Certainly not comprehensive, this guide to your privacy from the Consumerist blog is still a good, concise review of how much control you have in the areas of health, finance, and communications, plus a section children on the internet. Each section also points to the agency you can complain to if something isn’t right. (about 10 minutes)

Many of us try to recycle as much as possible, thinking that the bottles, paper, plastic, and other waste in those bins will actually be reused rather than ending in a landfill somewhere. That may not be the case with those millions of old smartphones and other electronics discarded every year. Motherboard explains that A Shocking Amount of E-Waste Recycling Is a Complete Sham. (about 8 minutes)

Two audio tracks for your commute.

Can better schools improve the economy? Specifically, Springfield, Ohio has reopened the town high school as the Global Impact STEM Academy in hopes it will encourage graduates to stay and bring new high tech jobs to the area. NPR Morning Edition has the interesting, and unfinished, story. (5:48)

The theory that the 1969 moon landing was faked is one of those persistent conspiracies that just won’t die. In a unique approach to the idea, the Stuff They Don’t Want You To Know podcast interviews the director of a new thriller in which two novice CIA agents looking for a Russian mole within NASA find something more sinister. (40:00)

One video to watch when you have a few minutes.

I am a big fan of movie soundtracks. Not the collections of pop songs used in many films,1 but music composed specifically for the production. A Theory of Film Music is a little geeky but is also an interesting analysis of why the music in most modern high profile films (think anything from Marvel) is not particularly distinctive. He doesn’t touch on my favorites, however, the music from Pixar films. (12:14)

Conspiracy Theory

Last week, Jon Stewart presented a great segment on the array of nutty conspiracy theories that seem to thrive in the desert of Texas. Having lived in Arizona and Nevada, I think there could be something to the idea that the hot, dry weather causes the brain to swell (or shrink?).

Anyway, I have my own conspiracy theory to offer: the probability of any conspiracy actually being real declines by 5% for each additional person whose silence is required for the plan to work.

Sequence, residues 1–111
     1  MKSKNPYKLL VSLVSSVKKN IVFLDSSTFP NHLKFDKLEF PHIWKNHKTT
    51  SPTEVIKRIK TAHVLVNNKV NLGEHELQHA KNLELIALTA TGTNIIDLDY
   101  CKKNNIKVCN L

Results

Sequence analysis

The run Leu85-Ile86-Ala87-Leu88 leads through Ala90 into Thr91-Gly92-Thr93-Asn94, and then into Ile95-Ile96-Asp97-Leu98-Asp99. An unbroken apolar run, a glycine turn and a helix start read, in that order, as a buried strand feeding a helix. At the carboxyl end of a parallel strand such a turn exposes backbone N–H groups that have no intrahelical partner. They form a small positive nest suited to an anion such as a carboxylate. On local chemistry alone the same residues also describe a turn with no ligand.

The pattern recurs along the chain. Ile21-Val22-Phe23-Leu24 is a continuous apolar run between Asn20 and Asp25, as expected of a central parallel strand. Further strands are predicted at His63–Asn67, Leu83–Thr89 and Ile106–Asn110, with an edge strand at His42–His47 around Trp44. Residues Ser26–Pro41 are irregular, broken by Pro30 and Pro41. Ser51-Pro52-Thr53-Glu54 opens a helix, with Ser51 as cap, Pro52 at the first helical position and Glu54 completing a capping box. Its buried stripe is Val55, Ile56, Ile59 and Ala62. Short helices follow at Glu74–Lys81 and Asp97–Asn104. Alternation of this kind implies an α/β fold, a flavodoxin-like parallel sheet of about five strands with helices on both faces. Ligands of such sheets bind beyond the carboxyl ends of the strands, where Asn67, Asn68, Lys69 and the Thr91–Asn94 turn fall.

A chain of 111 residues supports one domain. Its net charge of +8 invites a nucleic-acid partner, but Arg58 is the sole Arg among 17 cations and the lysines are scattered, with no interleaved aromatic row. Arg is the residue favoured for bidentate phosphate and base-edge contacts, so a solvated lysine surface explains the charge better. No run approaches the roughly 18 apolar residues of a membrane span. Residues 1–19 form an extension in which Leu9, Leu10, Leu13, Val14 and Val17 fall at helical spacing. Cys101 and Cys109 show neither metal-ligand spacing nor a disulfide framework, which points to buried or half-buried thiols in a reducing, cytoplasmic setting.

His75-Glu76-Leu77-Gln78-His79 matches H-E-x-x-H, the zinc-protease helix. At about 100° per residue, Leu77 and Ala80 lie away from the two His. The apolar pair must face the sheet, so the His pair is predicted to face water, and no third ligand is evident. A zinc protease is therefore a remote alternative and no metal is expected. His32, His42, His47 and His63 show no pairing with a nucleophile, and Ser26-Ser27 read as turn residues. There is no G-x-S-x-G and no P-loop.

Moon landing hoax? Alien spacecraft being hidden at Area 51 (for more than 50 years)? The US military preparing to invade Texas?2 Considering the hundreds of people required to keep each of these secrets, all in negative territory of likelihood.

Government agencies conspiring to collect phone data on American citizens? That only took one person, and not even someone high up the chain of command, to expose the deal.

Many, if not most, of these people who claim to see what everyone else has missed (too often on cable “news” channels) also rant endlessly about the incompetency of government. Even though, logically, it is completely impossible for an incompetent organization to formulate complex plots and then keep them totally hidden from everyone except a few loud nutballs.

Of course, logic doesn’t seem to be their strong suit in the first place.

Conspiracy Theory

This school year the IT department here in our overly-large school district implimented a new system that allows students to connect their personal devices to the network without all the paperwork previously required. As best I can tell, it works as advertised about 85% of the time (with lots of noise about the other 15%).

However, the interesting part is that this process seems to have triggered a growing number of students, especially in high school, who suspect that someone, somewhere in some mysterious district office is watching all their traffic and digitally inspecting all the files they’re carrying.

How charmingly naive!

I wonder if many of the same kids think about the vast amounts of data they volunteer every day to Google, Facebook, Instagram, their wireless carrier, SnapChat, Twitter, Candy Crush, YouTube, Pinterest, Tumblr, and so many more.

Not to mention the little bits of data sucked up by the NSA and other government agencies, organizations for which they were never offered 34 pages of a terms of service or privacy policy followed by an “I accept” button to be clicked without reading.

For this particular conspiracy theory, we try to explain to them that our school system, as bureaucratic as it is, doesn’t have the resources to monitor all the traffic on our little corner of the internet.

However, I think the bigger issue we do not address is helping students (and their teachers) understand all that information about them that’s being collected and stored every second they are online. Not to mention the many other data points they contribute to the mix as a standard part of attending school.